Kershaw set the tone with a season-high 14 strikeouts to reach 2,000 for his career. He held the Brewers to two runs and a walk in seven innings, but Brewers starter Jimmy Nelson matched him pitch for pitch and set his own season high by fanning 11 in eight innings.
"He pitched better than I did," said Kershaw, who reached 2,000 strikeouts in 1,837 2/3 career innings, which is the third-fastest in major league history behind Pedro Martinez (1,715 1/3) and Randy Johnson (1,734), according to the Dodgers.
After allowing his first two batters of the game to reach, Kershaw retired 20 batters in a row a before Domingo Santana's two-out solo homer gave Milwaukee a 1-0 lead in the seventh.
Kershaw appeared to be on track to take a loss for the first time in five career starts at Miller Park because his offense could do nothing against Nelson, who held Los Angeles scoreless on five hits and didn't walk a batter for the second consecutive start.
"Jimmy did his job," Brewers manager Craig Counsell said. "He pitched brilliantly. It was a heck of a pitcher's duel."
Even with the slimmest of leads, Milwaukee felt good heading into the ninth. Right-hander Corey Knebel had been dominant all season and had converted four of five save opportunities while holding opponents to a .111 batting average since Neftali Feliz was removed from the closer's role May 12.
Knebel got off to a good start, striking out Corey Seager to open the ninth, but he missed his mark on a 3-1 fastball to Yasmani Grandal, who dropped it in the right field stands for his sixth homer, tying the score at 1.
"He just fell behind to Grandal and he put a good swing on it," Counsell said.
After Jacob Barnes and Carlos Torres preserved the tie in the 10th and 11th innings, Counsell turned to Feliz for the 12th, but he gave up a leadoff homer to Bellinger that put the Dodgers ahead for good.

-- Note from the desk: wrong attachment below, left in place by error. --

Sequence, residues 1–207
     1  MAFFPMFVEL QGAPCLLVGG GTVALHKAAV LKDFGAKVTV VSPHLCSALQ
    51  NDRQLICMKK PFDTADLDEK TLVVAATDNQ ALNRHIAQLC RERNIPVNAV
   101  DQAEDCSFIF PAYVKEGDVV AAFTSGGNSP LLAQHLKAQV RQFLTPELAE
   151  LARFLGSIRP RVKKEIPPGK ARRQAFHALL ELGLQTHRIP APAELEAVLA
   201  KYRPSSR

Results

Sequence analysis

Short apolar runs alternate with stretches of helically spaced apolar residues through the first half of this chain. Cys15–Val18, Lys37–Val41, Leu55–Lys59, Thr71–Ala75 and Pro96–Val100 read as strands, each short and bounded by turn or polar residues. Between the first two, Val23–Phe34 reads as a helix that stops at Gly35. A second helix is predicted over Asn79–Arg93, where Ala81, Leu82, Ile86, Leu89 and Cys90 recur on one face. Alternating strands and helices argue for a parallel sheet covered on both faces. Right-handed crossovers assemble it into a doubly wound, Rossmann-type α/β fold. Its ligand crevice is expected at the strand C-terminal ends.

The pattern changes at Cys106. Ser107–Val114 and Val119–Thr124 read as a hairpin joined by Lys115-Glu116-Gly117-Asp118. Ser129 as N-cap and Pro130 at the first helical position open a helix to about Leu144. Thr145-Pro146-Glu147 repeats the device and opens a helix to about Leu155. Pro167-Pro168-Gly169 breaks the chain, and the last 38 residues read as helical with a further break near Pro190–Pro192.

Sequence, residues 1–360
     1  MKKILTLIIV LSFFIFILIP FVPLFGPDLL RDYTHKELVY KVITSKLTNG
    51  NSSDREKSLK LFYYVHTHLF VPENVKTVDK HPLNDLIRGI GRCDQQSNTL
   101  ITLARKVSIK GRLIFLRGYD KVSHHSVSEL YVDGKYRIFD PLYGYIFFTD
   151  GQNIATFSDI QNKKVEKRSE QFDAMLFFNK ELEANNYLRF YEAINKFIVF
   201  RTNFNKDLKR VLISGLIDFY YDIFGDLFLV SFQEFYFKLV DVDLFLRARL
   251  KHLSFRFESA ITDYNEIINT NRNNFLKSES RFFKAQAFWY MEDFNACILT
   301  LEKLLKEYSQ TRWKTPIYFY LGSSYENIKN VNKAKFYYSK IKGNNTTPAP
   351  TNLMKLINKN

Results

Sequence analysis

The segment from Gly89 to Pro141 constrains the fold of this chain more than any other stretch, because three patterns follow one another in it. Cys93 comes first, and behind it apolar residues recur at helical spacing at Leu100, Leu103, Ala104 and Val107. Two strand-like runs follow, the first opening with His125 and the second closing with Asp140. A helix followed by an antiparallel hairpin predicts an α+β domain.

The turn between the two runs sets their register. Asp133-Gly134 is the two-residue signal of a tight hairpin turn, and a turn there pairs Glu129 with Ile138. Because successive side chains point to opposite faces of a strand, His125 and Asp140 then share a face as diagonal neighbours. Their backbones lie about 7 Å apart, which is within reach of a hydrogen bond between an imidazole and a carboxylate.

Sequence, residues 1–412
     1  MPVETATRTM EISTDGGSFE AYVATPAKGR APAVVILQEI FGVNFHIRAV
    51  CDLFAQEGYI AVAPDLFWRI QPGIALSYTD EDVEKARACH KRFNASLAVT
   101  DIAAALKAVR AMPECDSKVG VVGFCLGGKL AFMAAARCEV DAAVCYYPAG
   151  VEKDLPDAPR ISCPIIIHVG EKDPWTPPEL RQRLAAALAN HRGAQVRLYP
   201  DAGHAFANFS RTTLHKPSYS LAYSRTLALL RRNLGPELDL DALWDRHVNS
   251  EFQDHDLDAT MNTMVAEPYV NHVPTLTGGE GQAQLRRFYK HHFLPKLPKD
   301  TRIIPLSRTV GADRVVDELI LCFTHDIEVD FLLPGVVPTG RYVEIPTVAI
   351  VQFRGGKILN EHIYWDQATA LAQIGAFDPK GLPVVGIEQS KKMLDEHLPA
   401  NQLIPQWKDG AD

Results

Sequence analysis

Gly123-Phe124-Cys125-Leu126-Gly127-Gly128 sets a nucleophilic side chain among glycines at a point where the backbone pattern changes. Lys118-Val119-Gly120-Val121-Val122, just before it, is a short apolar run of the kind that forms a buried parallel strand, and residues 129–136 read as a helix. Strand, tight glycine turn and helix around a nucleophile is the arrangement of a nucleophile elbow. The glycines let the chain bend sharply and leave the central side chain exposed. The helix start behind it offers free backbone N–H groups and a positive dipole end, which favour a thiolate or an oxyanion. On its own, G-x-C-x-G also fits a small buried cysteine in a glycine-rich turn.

"I thought Neftali made a decent pitch to Bellinger," Counsell said. "I did not think it was a bad pitch. He executed a pitch that was up. I give him a lot of credit right there. It was an 'up' pitch, which is what we wanted to do. He got on top of a 95 mph fastball right there.
"The high fastball gave a bunch of hitters a lot of trouble tonight. I give the guy credit for hitting it."
Along with Milwaukee's 26 strikeouts -- the most ever by a Dodgers opponent -- the Brewers' pitching staff had 16 more. The combined 42 punchouts set a National League record for most combined strikeouts in a game with 42.
"I've never seen anything like that," Roberts said. "But for our guys to punch out 26 guys, and 42 overall ... We saw Nelson last year. He's got really good stuff. He's kind of changed his mix going with the four-seamer a little bit more. His stuff is electric. In the zone, there's life in the zone. He really matched Clayton pitch by pitch.
"As a baseball fan, it was really fun to watch."
NOTES: Brewers OF Ryan Braun ran on an anti-gravity treadmill Monday for the first time since returning to the disabled list, but there is still no timetable for his return, manager Craig Counsell said. Braun played just six games last month because of his strained left calf. ... Dodgers pitchers struck out 26 batters, setting a franchise record. ... Milwaukee RHP Jimmy Nelson became the first pitcher in franchise history with 10 or more strikeouts without walking a batter in consecutive starts. ... Dodgers LHP Clayton Kershaw surpassed 2,000 career strikeouts by fanning Brewers 2B Jonathan Villar in the fourth inning. He accomplished the feat in 277 games. Only Randy Johnson, who needed 262 games, did it in fewer games in major league history. ... The 42 combined strikeouts broke the previous NL record (40) set on June 19, 2001, by the Giants and Padres, who struck out 20 times each in a 15-inning game.